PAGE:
It's easy being green

Posted Mar 30, 2017 [ Green Living ]
BeingGreen

Saving money and being kind to the planet at the same time. You can do just that with Hickinbotham’s range of extras and some of our energy saving tips.

Home Orientation

When you go into someone’s living room and it’s filled with lovely warm winter sunshine, that room has a northern orientation. In summer, that same room might be cooler because the hot sun is high in the sky and can’t get past the eaves and through the window. So a northern orientation lowers energy bills because heating and cooling happens more naturally.

Water Conservation

RainwaterThe average South Australian home uses 600 litres of water every day. That’s a lot of water in a country that regularly battles through droughts. But modern water-saving devices can slash that figure substantially. Some things to consider – every year a SmartFlush toilet can save up to 35,000 litres of water and a water efficient shower head can save a further 17,885 litres plus 437 kg of carbon dioxide. Simple tap aerators can cut water use by up to 40%. When people talk about water efficiency, WELS will probably come up. WELS is the Water Efficiency Labelling Standards Scheme that gives a zero to six star rating to household plumbing components.

All Hickinbotham homes include as standard features, water efficient shower heads and WELS-rated tapware. We also offer four star, dual-flush toilet systems. Hickinbotham has always been an innovator in making better use of rain water. So all our homes come with the option of having a rainwater tank plumbed in for use in the laundry and the toilet. We can also install a system that allows you to switch all your taps between rainwater and mains water.

Ventilation

There’s something wonderful about gentle breezes circulating through a house on a hot summer’s day. You can achieve this ventilation by aligning your windows and doors. Adding roof ventilators also helps cooling by removing the hot summer air that collects above your ceiling. Once installed, roof ventilators cost nothing to operate because they run on solar energy.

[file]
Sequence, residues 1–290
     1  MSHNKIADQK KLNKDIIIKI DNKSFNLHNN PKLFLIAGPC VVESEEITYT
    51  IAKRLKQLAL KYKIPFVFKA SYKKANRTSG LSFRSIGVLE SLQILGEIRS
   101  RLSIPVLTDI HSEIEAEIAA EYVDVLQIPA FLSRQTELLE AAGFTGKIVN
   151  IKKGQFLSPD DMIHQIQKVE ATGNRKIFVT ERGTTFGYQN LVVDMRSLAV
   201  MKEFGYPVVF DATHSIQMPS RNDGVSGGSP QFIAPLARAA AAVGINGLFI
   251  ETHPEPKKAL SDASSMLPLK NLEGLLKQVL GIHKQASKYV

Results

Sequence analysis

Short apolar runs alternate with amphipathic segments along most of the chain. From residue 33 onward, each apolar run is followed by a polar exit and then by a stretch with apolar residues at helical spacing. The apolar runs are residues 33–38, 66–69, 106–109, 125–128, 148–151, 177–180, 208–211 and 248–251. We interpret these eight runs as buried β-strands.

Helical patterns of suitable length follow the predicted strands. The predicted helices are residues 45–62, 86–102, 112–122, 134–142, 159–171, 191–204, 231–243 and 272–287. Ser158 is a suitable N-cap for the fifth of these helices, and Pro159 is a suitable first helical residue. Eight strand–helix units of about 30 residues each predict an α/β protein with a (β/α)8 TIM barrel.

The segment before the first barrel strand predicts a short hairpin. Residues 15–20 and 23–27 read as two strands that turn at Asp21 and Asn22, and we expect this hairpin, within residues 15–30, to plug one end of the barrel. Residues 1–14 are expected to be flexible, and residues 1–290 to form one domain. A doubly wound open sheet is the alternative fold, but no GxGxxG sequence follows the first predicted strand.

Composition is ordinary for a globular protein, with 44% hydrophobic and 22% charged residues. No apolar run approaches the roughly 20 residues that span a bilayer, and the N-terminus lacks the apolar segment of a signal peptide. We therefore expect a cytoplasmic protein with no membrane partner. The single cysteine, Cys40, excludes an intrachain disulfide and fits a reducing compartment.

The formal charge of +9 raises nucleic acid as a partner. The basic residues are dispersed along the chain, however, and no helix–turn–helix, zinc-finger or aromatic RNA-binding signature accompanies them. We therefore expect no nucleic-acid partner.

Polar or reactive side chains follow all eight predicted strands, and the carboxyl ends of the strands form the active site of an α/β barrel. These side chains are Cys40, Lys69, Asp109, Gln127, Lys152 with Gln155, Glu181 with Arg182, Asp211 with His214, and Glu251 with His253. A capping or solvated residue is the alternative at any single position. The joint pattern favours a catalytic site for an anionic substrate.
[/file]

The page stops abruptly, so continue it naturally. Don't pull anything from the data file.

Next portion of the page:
Solar Systems

Solar is one of the most rapidly advancing energy technologies. By installing solar panels in your home, you can reduce your energy bills and your carbon dioxide output. The panels are placed on your roof or you can use a free-standing unit. Either way, an inverter will also be installed to convert the DC electricity from the panels into home-friendly 240V AC power. How much solar you want is up to you. A 450 watt system powers your lights, TV, video, microwave and toaster. A 3000 watt system powers an averaged size home.

One of the easiest ways to reduce power bills and carbon dioxide is with solar hot water. Solar collectors install easily on the roof and heated water is stored in a tank. This can save a household up to 80% on hot water costs. If you want to insure against cloudy days, a gas boosted solar hot water system will do the trick, delivering 90% emissions free hot water.

Insulation

A well insulated home can cut bills for heating and cooling by up to 50%. And when your energy bills are lower, so is your carbon dioxide. Hickinbotham offers high grade insulation such as rock wool insulation which has great thermal and acoustic properties and is fire resistant.

Lighting